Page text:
NF-kappa-B is a pleiotropic transcription factor present in almost all cell types and is the endpoint of a series of signal transduction events that are initiated by a vast array of stimuli related to many biological processes such as inflammation, immunity, differentiation, cell growth, tumorigenesis and apoptosis. NF-kappa-B is a homo- or heterodimeric complex formed by the Rel-like domain-containing proteins RELA/p65, RELB, NFKB1/p105, NFKB1/p50, REL and NFKB2/p52 and the heterodimeric p65-p50 complex appears to be most abundant one. The dimers bind at kappa-B sites in the DNA of their target genes and the individual dimers have distinct preferences for different kappa-B sites that they can bind with distinguishable affinity and specificity. Different dimer combinations act as transcriptional activators or repressors, respectively. NF-kappa-B is controlled by various mechanisms of post-translational modification and subcellular compartmentalization as well as by interactions with other cofactors or corepressors. NF-kappa-B complexes are held in the cytoplasm in an inactive state complexed with members of the NF-kappa-B inhibitor (I-kappa-B) family. In a conventional activation pathway, I-kappa-B is phosphorylated by I-kappa-B kinases (IKKs) in response to different activators, subsequently degraded thus liberating the active NF-kappa-B complex which translocates to the nucleus.
NFκB1: NF-kappa-B heterodimeric p65-p50 and RelB-p50 complexes are transcriptional activators. The NF-kappa-B p50-p50 homodimer is a transcriptional repressor, but can act as a transcriptional activator when associated with BCL3. NFKB1 appears to have dual functions such as cytoplasmic retention of attached NF-kappa-B proteins by p105 and generation of p50 by a cotranslational processing. The proteasome-mediated process ensures the production of both p50 and p105 and preserves their independent function, although processing of NFKB1/p105 also appears to occur post-translationally. p50 binds to the kappa-B consensus sequence 5'-GGRNNYYCC-3', located in the enhancer region of genes involved in immune response and acute phase reactions. In a complex with MAP3K8, NFKB1/p105 represses MAP3K8-induced MAPK signaling; active MAP3K8 is released by proteasome-dependent degradation of NFKB1/p105.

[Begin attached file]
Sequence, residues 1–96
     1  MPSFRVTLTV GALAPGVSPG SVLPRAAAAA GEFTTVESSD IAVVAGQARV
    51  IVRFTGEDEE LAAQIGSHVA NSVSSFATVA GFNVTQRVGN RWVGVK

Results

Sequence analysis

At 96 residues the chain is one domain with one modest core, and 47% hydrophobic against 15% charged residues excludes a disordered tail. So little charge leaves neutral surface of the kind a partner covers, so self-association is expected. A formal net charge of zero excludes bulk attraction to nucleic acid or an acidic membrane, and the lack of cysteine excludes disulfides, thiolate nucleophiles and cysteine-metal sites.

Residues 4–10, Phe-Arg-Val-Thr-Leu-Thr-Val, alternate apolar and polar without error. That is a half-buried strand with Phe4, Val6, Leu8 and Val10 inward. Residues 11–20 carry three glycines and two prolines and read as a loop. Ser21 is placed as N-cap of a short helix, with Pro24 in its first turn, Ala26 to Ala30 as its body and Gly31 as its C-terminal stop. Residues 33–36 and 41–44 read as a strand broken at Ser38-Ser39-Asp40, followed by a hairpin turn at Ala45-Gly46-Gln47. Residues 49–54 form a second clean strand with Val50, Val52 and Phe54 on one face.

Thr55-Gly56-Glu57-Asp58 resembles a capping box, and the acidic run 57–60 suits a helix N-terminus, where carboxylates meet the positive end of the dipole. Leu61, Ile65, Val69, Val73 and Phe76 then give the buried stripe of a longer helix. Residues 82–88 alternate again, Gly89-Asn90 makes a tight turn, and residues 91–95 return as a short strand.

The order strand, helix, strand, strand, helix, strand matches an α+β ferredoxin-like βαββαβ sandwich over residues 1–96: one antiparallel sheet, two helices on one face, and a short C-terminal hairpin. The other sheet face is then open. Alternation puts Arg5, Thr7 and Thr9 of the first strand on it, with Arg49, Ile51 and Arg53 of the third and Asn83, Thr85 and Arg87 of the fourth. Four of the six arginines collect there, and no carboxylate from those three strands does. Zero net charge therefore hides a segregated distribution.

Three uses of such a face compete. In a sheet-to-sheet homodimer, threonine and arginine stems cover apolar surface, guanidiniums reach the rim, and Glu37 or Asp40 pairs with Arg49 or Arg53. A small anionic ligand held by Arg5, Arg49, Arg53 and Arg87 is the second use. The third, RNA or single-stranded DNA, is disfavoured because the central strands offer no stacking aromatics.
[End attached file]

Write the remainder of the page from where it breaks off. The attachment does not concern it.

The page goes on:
NFκB2: In a non-canonical activation pathway, the MAP3K14-activated CHUK/IKKA homodimer phosphorylates NFKB2/p100 associated with RelB, inducing its proteolytic processing to NFKB2/p52 and the formation of NF-kappa-B RelB-p52 complexes. The NF-kappa-B heterodimeric RelB-p52 complex is a transcriptional activator. The NF-kappa-B p52-p52 homodimer is a transcriptional repressor. NFKB2 appears to have dual functions such as cytoplasmic retention of attached NF-kappa-B proteins by p100 and generation of p52 by a cotranslational processing. The proteasome-mediated process ensures the production of both p52 and p100 and preserves their independent function. p52 binds to the kappa-B consensus sequence 5'-GGRNNYYCC-3', located in the enhancer region of genes involved in immune response and acute phase reactions. p52 and p100 are respectively the minor and major form; the processing of p100 being relatively poor. Isoform p49 is a subunit of the NF-kappa-B protein complex, which stimulates the HIV enhancer in synergy with p65. In concert with RELB, regulates the circadian clock by repressing the transcriptional activator activity of the CLOCK-ARNTL/BMAL1 heterodimer.
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